In what is being hailed as a global first, Seychelles has agreed to swap parts of its debt in return for designating nearly a third of its waters as protected areas.
The island nation will secure roughly 210,000 square kilometers (81,000 square miles) at the Aldabra Atoll, a UNESCO World Heritage Site, from fishing, oil exploration, and commercial development. The debt-for-nature deal was brokered by NatureVest, the conservation investing unit of the US-based The Nature Conservancy. As part of the plan, the group will purchase up to $21.6 million of the nation’s over $400 million debt at a discount, and will redirect the payments from creditors to a newly-created local trust.
The trust will then use the payments to repay the initial capital raised and also fund marine conversation plans. These will include restoring coral reef and mangrove restoration, improving sustainable tourism and fisheries, and balancing the country’s conservation and climate change adaptation goals with their development needs.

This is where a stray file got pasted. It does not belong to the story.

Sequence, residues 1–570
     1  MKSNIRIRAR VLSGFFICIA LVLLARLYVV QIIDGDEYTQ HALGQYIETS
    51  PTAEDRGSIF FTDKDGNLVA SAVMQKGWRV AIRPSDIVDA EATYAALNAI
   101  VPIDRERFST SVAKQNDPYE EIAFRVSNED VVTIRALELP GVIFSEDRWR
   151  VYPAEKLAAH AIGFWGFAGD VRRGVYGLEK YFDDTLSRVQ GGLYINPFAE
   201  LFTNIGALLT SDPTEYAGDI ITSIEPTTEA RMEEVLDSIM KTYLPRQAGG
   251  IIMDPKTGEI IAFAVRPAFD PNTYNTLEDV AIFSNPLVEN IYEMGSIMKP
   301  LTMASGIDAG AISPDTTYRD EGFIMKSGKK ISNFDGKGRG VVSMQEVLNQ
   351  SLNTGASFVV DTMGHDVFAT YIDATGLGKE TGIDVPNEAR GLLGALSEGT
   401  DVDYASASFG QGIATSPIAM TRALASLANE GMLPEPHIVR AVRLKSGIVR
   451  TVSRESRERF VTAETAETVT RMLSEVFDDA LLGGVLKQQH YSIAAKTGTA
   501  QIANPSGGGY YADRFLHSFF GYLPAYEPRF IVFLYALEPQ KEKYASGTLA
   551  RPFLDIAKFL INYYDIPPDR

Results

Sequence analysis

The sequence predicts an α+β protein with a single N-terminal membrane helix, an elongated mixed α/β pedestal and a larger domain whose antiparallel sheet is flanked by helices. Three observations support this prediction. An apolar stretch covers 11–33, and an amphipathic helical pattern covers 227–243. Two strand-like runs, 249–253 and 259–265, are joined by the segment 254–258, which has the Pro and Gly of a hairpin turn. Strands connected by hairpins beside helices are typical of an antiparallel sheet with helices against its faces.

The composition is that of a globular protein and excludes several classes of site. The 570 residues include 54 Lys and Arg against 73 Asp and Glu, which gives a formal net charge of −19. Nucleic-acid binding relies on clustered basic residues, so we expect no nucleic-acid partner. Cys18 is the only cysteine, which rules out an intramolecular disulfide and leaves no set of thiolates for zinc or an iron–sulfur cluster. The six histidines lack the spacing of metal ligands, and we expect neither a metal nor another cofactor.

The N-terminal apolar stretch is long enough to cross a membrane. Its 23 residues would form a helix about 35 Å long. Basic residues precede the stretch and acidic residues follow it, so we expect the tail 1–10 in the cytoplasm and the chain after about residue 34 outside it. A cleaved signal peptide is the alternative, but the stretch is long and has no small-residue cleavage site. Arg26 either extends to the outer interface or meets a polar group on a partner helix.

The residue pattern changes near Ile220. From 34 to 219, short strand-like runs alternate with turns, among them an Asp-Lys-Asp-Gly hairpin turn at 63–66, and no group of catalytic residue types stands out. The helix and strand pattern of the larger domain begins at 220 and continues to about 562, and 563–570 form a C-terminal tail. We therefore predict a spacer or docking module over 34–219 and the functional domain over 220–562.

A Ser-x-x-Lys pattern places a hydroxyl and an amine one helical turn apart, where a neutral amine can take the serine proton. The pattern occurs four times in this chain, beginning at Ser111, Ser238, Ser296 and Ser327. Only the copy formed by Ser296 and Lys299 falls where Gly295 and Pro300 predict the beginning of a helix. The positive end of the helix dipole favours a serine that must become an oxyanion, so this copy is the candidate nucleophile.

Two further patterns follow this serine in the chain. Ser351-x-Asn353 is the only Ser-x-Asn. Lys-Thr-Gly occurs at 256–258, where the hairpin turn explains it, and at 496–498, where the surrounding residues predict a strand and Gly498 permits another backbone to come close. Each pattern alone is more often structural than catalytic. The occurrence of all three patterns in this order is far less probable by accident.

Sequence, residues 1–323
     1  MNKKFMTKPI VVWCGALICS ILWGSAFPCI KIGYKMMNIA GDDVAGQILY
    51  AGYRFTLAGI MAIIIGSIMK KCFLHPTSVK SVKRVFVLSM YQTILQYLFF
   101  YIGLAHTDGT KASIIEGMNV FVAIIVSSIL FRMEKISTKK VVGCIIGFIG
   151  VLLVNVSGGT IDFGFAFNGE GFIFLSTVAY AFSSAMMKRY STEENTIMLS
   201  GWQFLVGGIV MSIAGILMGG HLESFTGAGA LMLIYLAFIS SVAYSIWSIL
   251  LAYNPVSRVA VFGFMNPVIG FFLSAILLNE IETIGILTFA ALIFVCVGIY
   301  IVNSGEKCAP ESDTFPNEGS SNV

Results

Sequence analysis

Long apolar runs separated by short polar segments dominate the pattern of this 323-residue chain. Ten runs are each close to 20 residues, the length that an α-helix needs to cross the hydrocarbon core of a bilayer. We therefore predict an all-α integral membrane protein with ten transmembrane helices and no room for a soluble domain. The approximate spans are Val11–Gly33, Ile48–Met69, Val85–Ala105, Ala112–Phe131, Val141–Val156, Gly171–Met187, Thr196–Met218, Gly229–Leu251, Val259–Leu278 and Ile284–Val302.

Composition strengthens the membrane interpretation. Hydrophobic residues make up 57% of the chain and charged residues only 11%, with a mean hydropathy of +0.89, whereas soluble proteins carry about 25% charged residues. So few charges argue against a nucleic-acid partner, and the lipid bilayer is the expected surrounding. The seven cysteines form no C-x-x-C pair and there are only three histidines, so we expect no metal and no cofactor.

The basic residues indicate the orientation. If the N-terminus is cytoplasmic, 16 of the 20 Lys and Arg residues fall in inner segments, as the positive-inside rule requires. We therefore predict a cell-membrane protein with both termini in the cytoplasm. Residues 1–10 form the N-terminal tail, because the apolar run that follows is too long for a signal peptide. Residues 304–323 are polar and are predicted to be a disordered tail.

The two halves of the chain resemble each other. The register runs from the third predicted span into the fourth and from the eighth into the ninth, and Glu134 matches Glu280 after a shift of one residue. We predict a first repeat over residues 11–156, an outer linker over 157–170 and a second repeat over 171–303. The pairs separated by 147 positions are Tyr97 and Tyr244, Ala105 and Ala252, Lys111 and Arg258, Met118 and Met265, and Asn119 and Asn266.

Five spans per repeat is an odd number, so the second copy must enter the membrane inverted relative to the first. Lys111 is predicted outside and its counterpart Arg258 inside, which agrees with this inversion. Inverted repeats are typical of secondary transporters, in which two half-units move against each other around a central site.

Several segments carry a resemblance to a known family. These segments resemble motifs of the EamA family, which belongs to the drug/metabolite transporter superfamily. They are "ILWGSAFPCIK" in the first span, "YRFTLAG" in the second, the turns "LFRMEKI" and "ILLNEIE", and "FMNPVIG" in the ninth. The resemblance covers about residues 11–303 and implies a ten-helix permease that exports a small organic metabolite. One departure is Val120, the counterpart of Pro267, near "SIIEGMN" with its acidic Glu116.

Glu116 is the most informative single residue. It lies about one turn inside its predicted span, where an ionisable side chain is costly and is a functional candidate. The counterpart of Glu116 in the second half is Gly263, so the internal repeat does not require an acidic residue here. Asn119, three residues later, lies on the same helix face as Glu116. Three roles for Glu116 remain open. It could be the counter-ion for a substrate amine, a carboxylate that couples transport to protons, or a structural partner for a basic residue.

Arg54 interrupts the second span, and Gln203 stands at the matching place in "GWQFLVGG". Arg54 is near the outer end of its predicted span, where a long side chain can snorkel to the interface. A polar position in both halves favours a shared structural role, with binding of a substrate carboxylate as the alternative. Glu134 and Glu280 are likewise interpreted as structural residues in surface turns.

Endowed with picturesque beaches, the East African archipelago of just 94,000 people is a global biodiversity hotspot. It relies mainly on tourism and fisheries for economic growth, with fish products making up 96% of the total value of domestic exports, according to the World Bank. But in recent years, the nation has battled severe storms and rising sea levels, while warming ocean temperatures have caused a decline in fish stocks. In 2008, it also experienced a financial crisis brought on by years of unsustainable borrowing and compounded by the worldwide financial crisis.
Since then, the government has embarked on a number of projects aimed at sustainable development and tackling the threats of climate change. This year, it emerged as the country with the highest improvement in the Environmental Performance Index due to its dedication to combating greenhouse gas emissions. And authorities aren’t stopping just yet: by 2020, when the conservation plan is set to complete, Seychelles will have protected more than 400,000 sq km of its ocean—an area larger than Germany.